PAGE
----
The Hindu Newspaper Analysis for UPSC
The Hindu Newspaper Analysis 25 March 2023
- ‘world’s highest railway bridge’, built at a height of 359 metres over the Chenab river in Jammu and Kashmir’s Reasi district, which witnessed the maiden run of a track-mounted trolley on Sunday.
- The ₹1,486-crore Chenab railway bridge is part of the Udhampur-Srinagar-Baramulla Rail Link project, which will connect the Kashmir Valley with the rest of the country.
- Section 8 of the Representation of the People Act, 1951 (RP Act) specifies the various offences, conviction for which entail the disqualification of a member of the legislature. Clause (3) of this section says that a person convicted of any offence other than those mentioned in the other two clauses, and sentenced to not less than two years shall be disqualified from the date of conviction. However, clause (4) has exempted sitting members from instant disqualification for three months to enable them to appeal against the conviction.
- This clause was struck down as ultra vires the Constitution by a two judge Bench of the Supreme Court on the ground that Parliament has no power to enact such an exemption for sitting members of the legislature (Lily Thomas vs Union of India, 2013).
- The effect of this judgment is that there is an instant disqualification of a sitting legislator as soon as he is convicted.
- However, the Court made it clear that in the event of the appellate Court staying the conviction and sentence, the disqualification will be lifted and the membership will be restored to him.
- Article 103 shows that the President of India is that authority who decides that a sitting member has become subject to disqualification in all cases which come under Article 102(1). Sub Clause (e) of this Article relates to all cases of disqualification under the RP Act 1951 which include disqualification on conviction and sentence under Section 8(3) of the Act.
- The law on criminal defamation needs an urgent review. Many countries such as the United Kingdom and the United States have scrapped it. India’s neighbour Sri Lanka too has done away with it. It is indeed a surrealistic situation where senior political leaders get jailed for making humorous or off the cuff remarks in election speeches.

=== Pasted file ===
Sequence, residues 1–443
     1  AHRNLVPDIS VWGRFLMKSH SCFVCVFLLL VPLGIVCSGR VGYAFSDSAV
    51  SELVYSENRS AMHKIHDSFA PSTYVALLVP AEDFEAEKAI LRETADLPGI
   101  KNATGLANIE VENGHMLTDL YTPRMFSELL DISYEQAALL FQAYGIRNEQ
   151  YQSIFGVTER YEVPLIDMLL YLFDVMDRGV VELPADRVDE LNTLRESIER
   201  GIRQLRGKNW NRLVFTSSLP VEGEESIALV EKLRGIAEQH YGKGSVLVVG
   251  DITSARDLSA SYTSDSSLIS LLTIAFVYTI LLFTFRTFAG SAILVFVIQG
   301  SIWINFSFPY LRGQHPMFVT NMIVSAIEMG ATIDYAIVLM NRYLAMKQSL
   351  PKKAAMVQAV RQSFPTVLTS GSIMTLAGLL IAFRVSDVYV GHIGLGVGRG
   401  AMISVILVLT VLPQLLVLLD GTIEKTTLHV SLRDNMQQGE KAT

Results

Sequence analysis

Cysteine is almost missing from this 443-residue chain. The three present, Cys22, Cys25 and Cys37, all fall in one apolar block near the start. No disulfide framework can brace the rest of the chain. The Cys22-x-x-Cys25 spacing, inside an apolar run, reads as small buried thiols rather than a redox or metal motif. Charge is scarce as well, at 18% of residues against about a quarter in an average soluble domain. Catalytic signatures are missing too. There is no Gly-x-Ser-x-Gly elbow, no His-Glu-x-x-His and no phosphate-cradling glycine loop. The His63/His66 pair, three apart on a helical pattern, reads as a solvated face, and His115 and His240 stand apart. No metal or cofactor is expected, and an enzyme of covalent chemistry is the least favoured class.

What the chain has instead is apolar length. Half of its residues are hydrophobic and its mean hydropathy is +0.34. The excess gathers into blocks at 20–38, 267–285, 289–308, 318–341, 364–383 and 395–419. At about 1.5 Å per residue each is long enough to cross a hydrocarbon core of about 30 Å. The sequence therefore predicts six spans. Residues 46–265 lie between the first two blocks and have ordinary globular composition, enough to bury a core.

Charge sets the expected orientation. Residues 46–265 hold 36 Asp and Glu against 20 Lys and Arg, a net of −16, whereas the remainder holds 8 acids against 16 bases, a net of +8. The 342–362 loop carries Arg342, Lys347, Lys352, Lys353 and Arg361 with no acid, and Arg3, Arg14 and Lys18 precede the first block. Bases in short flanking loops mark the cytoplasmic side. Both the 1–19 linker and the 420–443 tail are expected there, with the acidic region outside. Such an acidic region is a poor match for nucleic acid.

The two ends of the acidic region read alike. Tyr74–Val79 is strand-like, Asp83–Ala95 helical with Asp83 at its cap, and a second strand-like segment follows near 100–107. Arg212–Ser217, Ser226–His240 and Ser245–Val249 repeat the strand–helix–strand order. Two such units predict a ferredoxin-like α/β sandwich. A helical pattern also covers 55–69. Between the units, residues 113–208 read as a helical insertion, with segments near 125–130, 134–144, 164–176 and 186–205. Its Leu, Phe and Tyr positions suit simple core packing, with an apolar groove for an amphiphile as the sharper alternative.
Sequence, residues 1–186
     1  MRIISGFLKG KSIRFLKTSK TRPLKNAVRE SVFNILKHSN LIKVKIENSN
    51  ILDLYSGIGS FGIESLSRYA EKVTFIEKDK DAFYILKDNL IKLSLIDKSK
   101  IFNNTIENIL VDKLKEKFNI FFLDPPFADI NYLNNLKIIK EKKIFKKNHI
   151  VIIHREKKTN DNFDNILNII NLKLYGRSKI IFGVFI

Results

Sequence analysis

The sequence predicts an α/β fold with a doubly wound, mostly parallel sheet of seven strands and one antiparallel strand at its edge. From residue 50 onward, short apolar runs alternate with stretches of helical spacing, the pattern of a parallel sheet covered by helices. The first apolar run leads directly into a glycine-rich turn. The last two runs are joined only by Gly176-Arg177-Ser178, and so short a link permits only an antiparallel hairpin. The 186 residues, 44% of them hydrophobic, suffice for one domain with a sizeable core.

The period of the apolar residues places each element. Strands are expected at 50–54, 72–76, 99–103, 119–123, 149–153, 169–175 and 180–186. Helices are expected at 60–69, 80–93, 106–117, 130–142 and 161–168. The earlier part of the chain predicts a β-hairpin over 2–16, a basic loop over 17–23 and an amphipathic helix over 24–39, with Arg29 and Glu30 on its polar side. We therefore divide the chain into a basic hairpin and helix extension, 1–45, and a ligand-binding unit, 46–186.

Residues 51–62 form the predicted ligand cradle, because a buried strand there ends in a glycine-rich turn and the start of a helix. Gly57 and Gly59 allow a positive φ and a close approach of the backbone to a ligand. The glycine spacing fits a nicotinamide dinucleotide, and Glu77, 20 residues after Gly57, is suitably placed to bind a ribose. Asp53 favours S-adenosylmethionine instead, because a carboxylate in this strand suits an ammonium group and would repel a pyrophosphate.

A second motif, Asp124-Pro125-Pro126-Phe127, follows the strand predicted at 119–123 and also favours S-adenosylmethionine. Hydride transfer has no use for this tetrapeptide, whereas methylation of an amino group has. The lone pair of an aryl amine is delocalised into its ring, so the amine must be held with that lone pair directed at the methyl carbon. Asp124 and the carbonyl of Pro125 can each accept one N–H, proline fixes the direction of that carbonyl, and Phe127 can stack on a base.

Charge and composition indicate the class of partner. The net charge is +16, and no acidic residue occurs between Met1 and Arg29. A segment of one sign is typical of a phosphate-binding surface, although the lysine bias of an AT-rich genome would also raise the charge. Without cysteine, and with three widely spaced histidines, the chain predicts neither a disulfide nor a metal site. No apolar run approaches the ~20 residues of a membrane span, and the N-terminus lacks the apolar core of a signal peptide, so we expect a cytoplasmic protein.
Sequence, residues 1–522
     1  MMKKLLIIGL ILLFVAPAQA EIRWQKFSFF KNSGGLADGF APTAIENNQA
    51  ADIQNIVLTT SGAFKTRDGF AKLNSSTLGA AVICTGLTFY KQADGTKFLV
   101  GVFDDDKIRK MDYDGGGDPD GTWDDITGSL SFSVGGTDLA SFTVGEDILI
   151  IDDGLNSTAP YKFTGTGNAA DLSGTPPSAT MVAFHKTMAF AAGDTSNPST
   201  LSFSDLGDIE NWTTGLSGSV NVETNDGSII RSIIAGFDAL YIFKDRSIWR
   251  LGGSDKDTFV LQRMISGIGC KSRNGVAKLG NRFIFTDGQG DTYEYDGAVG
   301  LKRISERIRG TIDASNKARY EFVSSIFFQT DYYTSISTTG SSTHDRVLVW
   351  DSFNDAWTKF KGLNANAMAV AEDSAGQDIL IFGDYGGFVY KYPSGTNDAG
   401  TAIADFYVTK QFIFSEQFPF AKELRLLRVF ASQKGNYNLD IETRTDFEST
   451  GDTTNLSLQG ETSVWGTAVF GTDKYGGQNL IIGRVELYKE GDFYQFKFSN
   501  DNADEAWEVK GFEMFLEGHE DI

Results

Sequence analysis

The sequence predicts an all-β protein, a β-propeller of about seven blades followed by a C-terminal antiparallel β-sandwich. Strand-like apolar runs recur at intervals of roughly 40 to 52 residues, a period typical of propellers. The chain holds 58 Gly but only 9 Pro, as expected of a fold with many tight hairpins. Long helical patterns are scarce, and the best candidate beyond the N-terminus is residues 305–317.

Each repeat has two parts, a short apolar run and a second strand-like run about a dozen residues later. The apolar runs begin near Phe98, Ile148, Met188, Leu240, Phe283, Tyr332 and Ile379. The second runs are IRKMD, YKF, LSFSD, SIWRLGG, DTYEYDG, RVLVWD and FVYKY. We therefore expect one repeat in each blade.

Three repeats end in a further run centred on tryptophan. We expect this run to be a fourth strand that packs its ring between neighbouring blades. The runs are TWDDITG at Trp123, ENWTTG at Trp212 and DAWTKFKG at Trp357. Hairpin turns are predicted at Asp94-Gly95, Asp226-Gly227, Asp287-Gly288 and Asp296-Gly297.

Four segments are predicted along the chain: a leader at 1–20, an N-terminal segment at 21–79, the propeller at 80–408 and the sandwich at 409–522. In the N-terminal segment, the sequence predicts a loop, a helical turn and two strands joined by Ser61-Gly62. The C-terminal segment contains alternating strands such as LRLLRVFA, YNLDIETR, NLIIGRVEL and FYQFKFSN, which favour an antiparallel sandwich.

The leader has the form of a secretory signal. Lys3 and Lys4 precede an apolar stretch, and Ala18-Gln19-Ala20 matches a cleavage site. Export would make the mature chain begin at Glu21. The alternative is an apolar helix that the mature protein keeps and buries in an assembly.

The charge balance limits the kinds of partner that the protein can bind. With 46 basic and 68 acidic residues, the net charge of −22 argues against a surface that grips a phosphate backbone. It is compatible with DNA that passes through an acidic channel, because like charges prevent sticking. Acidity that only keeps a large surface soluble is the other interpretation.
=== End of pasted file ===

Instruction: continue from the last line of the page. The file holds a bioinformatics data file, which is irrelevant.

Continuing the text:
- What is Defamation?
It is an injury to the reputation of a person resulting from a statement that is false.
- Anyone who feels he or she has been wrongly accused of something by someone in public, through words or gestures, spoken, written, or by inference can file a defamation suit in a court of law claiming that the accusation levelled deals a blow to his/her reputation.
Defamation essentially must fulfil the following requirements:
- The statement must be published (both oral and written forms publication)
- The statement must lower the estimation of the person (damaging to the reputation of the person against whom charges have been made)
Respective sections of IPC:
- IPC Section 499 lays down the definition of defamation and Section 500 lays down the punishment for criminal defamation (two years’ imprisonment for a person found guilty of defamation).
Types of defamation:
- There are two types of defamation in India: Civil and Criminal.
- Civil defamation: Under this, a person who is defamed can move either High Court or subordinate courts and seek damages in the form of monetary compensation. There is no punishment in the form of a jail sentence.
- Criminal Defamation: Under this, the person against whom a defamation case is filed might be sentenced to two years’ imprisonment or fined or both.
- The Software Freedom Law Center (SFLC), which keeps a count of Internet stoppages State-wise, has recorded eight such shutdowns in Punjab. Map 1 shows the instances of Internet shutdowns, State-wise, recorded between 2012 and March 2023, according to the SFLC’s data.